Re Quality care in nursing homes

March 20, 2017

75 S. Cumberland Street
Thunder Bay ON
P7B 1A3

Letter to the Editor:

Re: Quality care in nursing homes at risk (March 13, 2017)

This article draws much-needed attention to a very important reality: there is a not-for-profit difference in services for seniors and governments need to recognize and support this difference, especially here in Ontario.

Research findings that show ownership impacts quality of care in long term care are not new. A 2015 study by the Bruyère Research Institute found that for-profit homes have significantly higher mortality and hospitalization rates than not-for-profit homes. A 2011 study published by the Institute for Research on Public Policy concluded that for-profit facilities are likely to produce inferior outcomes. A 2009 meta-analysis published in the British Medical Journal concluded that on average not-for-profit nursing homes deliver higher quality care than for-profit homes. And the list goes on.

On top of this, our analysis of the Ontario Ministry of Health and Long-Term Care’s wait list data shows that the greatest demand exists in the not-for-profit sector. Not-for-profits account for just over 40 per cent of all homes in the province and less than one half of all beds, but they are the number one preference of two-thirds of individuals on the total provincial waitlist.

What often isn’t clear to the public is that in Ontario, long term care services are provided by not-for-profit organizations as well as for-profit operators. Both are funded at the same level by the provincial government. But there is a fundamental difference. Not-for-profits use every surplus dollar to enhance and expand their services and operations. On top of that, not-for-profits, through municipal contributions and charitable donations, typically contribute additional resources to their operation to further enhance the level of care and service provided.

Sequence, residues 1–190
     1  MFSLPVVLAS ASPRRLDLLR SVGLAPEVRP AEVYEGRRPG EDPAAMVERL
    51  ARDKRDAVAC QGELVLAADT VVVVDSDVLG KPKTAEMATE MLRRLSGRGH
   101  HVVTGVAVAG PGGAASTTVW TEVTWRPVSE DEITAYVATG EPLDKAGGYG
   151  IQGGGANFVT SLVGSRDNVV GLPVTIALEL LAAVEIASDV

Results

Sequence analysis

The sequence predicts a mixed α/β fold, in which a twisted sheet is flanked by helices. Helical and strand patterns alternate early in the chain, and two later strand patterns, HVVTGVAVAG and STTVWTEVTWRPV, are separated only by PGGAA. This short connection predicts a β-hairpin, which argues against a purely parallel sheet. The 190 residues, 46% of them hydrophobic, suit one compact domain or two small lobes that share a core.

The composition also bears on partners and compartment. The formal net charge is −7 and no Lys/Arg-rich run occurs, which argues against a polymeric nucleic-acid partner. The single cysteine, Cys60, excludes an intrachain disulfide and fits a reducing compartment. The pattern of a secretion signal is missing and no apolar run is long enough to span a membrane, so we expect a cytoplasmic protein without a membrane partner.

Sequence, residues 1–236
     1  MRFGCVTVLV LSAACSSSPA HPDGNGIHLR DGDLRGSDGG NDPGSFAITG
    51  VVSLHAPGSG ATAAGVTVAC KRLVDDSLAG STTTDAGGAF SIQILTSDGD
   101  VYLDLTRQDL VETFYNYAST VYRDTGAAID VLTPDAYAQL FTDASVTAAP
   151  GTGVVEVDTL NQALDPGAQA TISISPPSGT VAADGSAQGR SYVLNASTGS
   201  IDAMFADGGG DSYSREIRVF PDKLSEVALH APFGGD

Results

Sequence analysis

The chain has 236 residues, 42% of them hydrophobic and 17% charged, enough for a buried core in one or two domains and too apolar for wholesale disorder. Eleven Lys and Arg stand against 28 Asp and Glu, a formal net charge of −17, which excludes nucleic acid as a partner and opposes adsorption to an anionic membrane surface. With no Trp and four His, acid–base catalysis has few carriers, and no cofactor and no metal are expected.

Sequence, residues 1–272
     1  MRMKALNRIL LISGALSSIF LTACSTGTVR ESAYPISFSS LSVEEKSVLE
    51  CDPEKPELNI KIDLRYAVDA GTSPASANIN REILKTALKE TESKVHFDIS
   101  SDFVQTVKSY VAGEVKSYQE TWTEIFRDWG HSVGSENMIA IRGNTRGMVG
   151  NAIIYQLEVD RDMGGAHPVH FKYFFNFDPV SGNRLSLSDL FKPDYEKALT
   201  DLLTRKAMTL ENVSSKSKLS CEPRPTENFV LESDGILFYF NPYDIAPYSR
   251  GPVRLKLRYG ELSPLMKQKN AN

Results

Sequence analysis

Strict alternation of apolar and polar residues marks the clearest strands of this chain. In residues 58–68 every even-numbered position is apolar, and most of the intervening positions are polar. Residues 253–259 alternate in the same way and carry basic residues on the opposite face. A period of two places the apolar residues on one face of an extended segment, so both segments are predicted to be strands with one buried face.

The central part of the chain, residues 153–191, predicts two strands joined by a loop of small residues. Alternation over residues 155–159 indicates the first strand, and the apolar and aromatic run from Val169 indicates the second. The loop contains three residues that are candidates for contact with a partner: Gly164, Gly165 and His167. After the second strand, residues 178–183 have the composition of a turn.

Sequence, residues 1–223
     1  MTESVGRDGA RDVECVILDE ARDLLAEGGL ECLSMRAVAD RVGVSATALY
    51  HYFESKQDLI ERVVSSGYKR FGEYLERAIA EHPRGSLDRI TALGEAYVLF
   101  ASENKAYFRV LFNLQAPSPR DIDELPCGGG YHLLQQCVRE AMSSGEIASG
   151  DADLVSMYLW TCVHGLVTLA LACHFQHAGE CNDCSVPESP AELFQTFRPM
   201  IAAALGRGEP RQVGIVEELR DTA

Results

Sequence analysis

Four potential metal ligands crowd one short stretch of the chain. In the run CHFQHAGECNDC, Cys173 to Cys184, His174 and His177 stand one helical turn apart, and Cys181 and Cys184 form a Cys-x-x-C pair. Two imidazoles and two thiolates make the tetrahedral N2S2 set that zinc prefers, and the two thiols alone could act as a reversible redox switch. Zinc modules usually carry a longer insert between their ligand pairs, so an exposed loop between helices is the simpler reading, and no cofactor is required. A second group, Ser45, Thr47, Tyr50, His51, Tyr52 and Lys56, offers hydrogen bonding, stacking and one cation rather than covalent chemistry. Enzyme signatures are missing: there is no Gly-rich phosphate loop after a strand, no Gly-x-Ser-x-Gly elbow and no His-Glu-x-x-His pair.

Despite this clear and compelling case for not-for-profits, they represent a smaller and shrinking share of long term care beds in Ontario. That is why OANHSS is urging the Ontario government to take two critical steps in the next Provincial Budget: add 2,500-5,000 new beds as a start to addressing the escalating wait list for long term care (26,500 seniors and growing), and ensure a minimum of 50% of those licences are dedicated to the not-for-profit sector.

We support the call for a national panel to delve into the issues surrounding privatization and marketization of long term care across the country. Those already in and those waiting for long term care, their families and the staff that provide care in these homes deserve to have all of the information about long term care. As does the taxpayer.

Catharine Gapp
Chief Executive Officer
Ontario Association of Non-Profit Homes and Services to Seniors
W: (905) 851-8821 ext. 230
C: (647) 531-8821